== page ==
Highborn Albans might have embroidered and trimmed clothing, and decorative tapestries in their homes, but the average person lived in one or two sets of leine and brat at a time.

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In a day and age where we can run out to the store and buy a new outfit, I can respect a culture of women who spent nearly all their time clothing their people.  (And be thankful I don’t have to!) 🙂

At the time of my Alba novellas, the structural landscape of Scotland was just as diverse as its people.  I thought I’d give you a visual taste of some of the buildings you might see if you wandered into my books.  😉

 

Brochs

 

These weren’t much in use at the time of Daughters and Sons of Alba.  But plenty of them remained from older times, most of them in ruins.  I put a ruined broch in Dun na Cloich Leith:  Aigneis, Ealasaid, and Eithne’s home.  Like many of these circular towers, this one was likely plundered for its building stone over time.  Brochs were made by the ancient Picts for defence and consisted of a double wall of unmortared stone.

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An intact broch

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A ruined broch like the one in Dun na Cloich

 

Duns

 

The average Alban lived in a dun – a hill fort with an earth wall, populated with round, thatch-roofed stone houses.  Although the duns are gone, the marks of their presence remain, ringing hilltops across Scotland.  Here’s one like Dun na Cloich Leith.

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Castles

 

With the influence of the nearby Saxon and Norman cultures, castles were a new thing in Alba, but not unheard of.  Castles of this time were very simple – not the pretty, airy things that came along later.  As with duns, there are virtually no untouched examples of castles in Scotland from this time.  They are all either ruined or replaced.  This is somewhat how I imagine castles like Allt na Cathrach or Sgain.

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Longhouses

 

The Vikings brought with them a different style of building – long, low rectangular houses with an A-frame roof covered in thatch or sod.  Here’s how I pictured the houses in Thorsbjorg.

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Monasteries

 

Ecclesiastical architecture is another unique class.  Borrowing from earlier Roman influence, the monasteries of the Irish Gaels had rectangular common buildings such as churches and libraries, narrow round watch towers, and little beehive-shaped huts for the monks’ cells.  Here’s a monastery much like Cill Linnhe.

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Sacred Sites

 

The Celts from ancient times had an affinity for the spiritual, and loved to mark these places in various ways: Standing stones, springs, and cairns can still be seen everywhere in Scotland.

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Some impressive standing stones

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A Saint’s spring like the one the Daughters of Alba bathed in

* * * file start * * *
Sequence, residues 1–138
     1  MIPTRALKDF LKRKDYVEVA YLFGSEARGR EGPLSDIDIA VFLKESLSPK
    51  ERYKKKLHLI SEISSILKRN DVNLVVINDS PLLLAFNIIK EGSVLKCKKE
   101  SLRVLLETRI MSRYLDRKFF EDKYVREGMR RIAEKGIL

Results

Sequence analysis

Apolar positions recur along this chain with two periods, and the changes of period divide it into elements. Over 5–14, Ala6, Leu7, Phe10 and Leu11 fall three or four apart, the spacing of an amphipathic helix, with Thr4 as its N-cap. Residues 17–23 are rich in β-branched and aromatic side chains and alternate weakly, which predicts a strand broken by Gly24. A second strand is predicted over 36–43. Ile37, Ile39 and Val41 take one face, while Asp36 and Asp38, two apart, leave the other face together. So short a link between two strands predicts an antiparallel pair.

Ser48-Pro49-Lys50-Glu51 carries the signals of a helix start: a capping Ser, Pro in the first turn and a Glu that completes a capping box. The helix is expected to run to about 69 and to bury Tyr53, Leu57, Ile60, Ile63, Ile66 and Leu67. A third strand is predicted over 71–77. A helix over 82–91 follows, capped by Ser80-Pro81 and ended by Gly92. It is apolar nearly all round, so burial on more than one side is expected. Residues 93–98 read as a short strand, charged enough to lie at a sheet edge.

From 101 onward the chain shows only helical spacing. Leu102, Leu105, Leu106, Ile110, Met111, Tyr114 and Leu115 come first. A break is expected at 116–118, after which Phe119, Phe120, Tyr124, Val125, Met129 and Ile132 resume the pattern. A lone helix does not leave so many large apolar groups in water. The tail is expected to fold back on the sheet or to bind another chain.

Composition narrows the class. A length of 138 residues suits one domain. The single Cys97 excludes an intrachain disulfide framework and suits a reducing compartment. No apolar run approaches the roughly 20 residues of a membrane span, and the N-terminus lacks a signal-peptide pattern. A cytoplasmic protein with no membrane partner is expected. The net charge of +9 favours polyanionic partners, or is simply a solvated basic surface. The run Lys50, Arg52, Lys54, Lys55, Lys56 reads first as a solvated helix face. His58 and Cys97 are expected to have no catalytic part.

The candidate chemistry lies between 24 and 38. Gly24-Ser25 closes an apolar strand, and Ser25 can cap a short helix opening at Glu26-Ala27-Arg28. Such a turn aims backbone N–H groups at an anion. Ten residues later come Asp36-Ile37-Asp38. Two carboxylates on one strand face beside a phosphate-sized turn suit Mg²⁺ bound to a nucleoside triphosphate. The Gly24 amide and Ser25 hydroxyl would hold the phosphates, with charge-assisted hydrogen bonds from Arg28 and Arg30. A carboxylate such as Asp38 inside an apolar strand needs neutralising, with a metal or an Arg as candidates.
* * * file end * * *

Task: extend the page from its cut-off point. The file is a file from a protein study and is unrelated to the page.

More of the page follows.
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A burial cairn

 

Crannogs

 

Though none of my characters live in a crannog, this distinctly Celtic building form bears some mention.  These were floating villages built on wooden pilings out on a loch, much like the round houses of the dun, but built of timber or wattle and daub instead.

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I hope this little virtual tour of medieval Alba has helped inspire your imagination as you read Daughters and Sons of Alba.  🙂

 

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We all know what a martyr is, right?  Someone who dies for their faith, like the millions of heroes who have died rather than renounce the name of Jesus Christ.

But did you know that in the Celtic Church there were two other kinds of martyrdom that don’t involve bloodshed?  I first encountered this interesting fact when I was researching for Book 3 of Daughters of Alba.

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The word Martyr comes from the Greek word for “witness”, but has since come to connote something of a sacrifice.  Although dying for Christ is the ultimate sacrifice, there are other ways according to the Celtic tradition.

Red Martyrdom

This is the one we know.  Death.  Red is an obvious label for this one.

Green Martyrdom

The Irish monastic tradition stemmed from this idea.  Christians wanting to connect on a deeper level with Christ would dedicate part of all of their lives to living alone in a solitary place.  This might be your stereotypical life-long hermit, or someone taking a spiritual retreat.  But the green martyrdom was a way to sacrifice when lives were no longer in danger.

White Martyrdom

St. Columcille is credited with the origin of this term, but he was by no means the first “white martyr”.  When he chose to sail across the Irish Sea to Iona to share the gospel with the Pictish people of modern-day Scotland, he was making a sacrifice in penance for a horrific massacre.  Plenty of people to this day sacrifice their lives to travel to a distant land and share the gospel out of a motivation of love.  Nowadays we call them missionaries.